What’s more, many partisans and interest groups take self-contradictory positions on all these questions, trying to sway political opinion in whatever way is momentarily convenient with no regard for how their words mislead, confuse, or polarize.

Those are among the challenges American citizens face as they grapple with this week’s nomination of Kavanaugh to replace Anthony Kennedy on the Supreme Court (a nomination that I don’t yet know whether I will support or oppose).

While there is still time for interested citizens to become more informed, members of America’s legal elite ought to be a force for clarity and understanding, marshaling their expert knowledge to help the public through thickets of misinformation. Many members of the legal profession are rising to the occasion—examples I’ve found particularly helpful include the attorney Ken White’s analysis of “a very narrow issue,” Kavanaugh’s “treatment of free speech law under the First Amendment as a judge on the United States Court of Appeals,” and David Kopel’s distillation of the nominee’s thinking on the Second Amendment.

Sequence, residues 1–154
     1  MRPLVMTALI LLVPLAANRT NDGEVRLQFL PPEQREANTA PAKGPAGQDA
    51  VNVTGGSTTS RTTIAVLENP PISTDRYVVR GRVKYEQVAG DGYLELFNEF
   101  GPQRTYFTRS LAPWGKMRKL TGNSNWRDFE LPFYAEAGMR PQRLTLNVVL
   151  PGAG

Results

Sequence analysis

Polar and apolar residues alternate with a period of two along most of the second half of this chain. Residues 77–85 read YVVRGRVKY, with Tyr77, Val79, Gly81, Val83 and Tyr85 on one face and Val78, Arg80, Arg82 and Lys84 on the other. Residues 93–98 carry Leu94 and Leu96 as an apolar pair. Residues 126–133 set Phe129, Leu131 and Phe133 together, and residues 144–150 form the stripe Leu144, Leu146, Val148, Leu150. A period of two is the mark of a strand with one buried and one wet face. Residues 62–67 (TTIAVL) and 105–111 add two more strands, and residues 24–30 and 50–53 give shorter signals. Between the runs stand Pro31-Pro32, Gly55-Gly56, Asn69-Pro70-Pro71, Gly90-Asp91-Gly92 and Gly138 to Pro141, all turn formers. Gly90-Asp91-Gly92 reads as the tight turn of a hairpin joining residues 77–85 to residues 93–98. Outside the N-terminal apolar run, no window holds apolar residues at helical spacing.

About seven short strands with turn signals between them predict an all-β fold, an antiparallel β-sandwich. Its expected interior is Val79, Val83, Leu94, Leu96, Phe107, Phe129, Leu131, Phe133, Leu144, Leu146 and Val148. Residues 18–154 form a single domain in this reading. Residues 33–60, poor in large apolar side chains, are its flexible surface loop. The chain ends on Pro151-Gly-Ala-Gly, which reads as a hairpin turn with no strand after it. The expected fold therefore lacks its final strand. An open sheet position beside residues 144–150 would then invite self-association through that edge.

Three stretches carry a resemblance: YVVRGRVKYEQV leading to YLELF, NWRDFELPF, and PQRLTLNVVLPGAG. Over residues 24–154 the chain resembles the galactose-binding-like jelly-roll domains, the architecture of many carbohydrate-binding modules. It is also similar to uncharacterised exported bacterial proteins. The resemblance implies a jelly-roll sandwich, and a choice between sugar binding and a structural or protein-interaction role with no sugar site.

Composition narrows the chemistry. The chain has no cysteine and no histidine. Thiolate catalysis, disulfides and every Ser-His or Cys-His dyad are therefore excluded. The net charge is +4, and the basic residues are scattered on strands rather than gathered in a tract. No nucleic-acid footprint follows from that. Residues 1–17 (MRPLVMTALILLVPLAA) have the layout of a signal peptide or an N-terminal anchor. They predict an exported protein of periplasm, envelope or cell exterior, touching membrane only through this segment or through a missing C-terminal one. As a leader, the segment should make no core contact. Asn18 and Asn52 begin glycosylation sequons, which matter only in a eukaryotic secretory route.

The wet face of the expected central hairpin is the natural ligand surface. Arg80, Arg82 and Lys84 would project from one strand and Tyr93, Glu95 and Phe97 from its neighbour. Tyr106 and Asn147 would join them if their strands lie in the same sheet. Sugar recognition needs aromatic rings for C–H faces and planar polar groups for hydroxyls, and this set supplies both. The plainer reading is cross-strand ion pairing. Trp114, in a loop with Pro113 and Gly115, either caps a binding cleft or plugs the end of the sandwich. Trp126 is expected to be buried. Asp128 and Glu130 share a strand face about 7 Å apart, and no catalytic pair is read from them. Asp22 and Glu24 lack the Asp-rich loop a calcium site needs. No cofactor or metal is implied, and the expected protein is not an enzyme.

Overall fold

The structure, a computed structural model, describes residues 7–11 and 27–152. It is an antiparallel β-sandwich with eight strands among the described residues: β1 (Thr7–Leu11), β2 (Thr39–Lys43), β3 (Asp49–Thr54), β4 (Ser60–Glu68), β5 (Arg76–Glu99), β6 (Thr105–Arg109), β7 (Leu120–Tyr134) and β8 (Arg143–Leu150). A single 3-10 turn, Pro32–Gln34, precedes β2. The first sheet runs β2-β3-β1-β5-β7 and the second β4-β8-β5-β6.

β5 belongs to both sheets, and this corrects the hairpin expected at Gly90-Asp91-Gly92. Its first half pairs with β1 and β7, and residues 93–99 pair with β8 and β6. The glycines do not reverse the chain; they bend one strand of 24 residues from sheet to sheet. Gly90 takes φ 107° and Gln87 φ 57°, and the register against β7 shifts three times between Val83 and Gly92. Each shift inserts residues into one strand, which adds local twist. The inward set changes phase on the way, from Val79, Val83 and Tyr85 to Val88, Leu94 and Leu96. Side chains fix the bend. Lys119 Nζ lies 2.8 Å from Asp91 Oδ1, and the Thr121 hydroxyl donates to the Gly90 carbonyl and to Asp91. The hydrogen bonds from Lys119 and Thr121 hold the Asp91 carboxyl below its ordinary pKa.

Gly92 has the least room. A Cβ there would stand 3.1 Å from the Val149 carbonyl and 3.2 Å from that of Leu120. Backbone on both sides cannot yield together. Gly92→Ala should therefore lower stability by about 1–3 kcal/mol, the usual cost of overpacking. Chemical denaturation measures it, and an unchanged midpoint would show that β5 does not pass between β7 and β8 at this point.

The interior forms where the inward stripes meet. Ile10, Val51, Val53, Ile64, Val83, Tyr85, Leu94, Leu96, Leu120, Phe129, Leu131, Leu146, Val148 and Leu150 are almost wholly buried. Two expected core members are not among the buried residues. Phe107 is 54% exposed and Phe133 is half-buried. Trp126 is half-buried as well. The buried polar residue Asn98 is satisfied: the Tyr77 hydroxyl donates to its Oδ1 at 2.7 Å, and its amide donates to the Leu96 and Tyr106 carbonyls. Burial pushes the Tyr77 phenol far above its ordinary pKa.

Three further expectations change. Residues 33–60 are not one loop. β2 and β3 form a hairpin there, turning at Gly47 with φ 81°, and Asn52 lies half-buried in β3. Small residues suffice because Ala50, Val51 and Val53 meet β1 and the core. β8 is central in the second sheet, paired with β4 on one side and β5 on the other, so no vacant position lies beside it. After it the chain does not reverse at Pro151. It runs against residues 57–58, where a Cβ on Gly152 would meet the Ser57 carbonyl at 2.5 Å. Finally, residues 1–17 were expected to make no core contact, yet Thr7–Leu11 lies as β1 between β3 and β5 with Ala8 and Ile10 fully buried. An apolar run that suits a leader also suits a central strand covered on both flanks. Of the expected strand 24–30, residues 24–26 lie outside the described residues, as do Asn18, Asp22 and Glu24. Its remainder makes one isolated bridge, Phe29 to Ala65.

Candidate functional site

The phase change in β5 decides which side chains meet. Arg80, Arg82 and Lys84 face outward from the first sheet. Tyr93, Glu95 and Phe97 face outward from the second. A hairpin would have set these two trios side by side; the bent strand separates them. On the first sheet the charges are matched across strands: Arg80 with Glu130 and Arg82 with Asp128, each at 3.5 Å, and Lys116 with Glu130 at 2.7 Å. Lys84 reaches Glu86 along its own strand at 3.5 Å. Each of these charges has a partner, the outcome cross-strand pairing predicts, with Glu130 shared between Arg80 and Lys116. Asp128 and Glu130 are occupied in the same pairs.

Now consider Yale Law’s contributions, starting with the press release they sent out when news broke that one of their alumni was nominated to the Court. A purist might question why an academic institution employs any public-relations professionals who write press releases in the manner of for-profit corporations.

As a squishy pragmatist, I could forgive a press release that straightforwardly announced, “President Donald Trump today nominated Brett M. Kavanaugh ’90, a judge on the U.S. Court of Appeals for the D.C. Circuit, for the seat on the U.S. Supreme Court being vacated by retiring Justice Anthony Kennedy,” as Yale’s release began, and that added, “Judge Kavanaugh graduated from Yale College in 1987, and from Yale Law School in 1990, where he was a Notes Editor of the Yale Law Journal. If confirmed, Judge Kavanaugh would join three other Yale Law School graduates currently on the Court—Justice Samuel Alito ’75, Justice Sonia Sotomayor ’79, and Justice Clarence Thomas ’74.”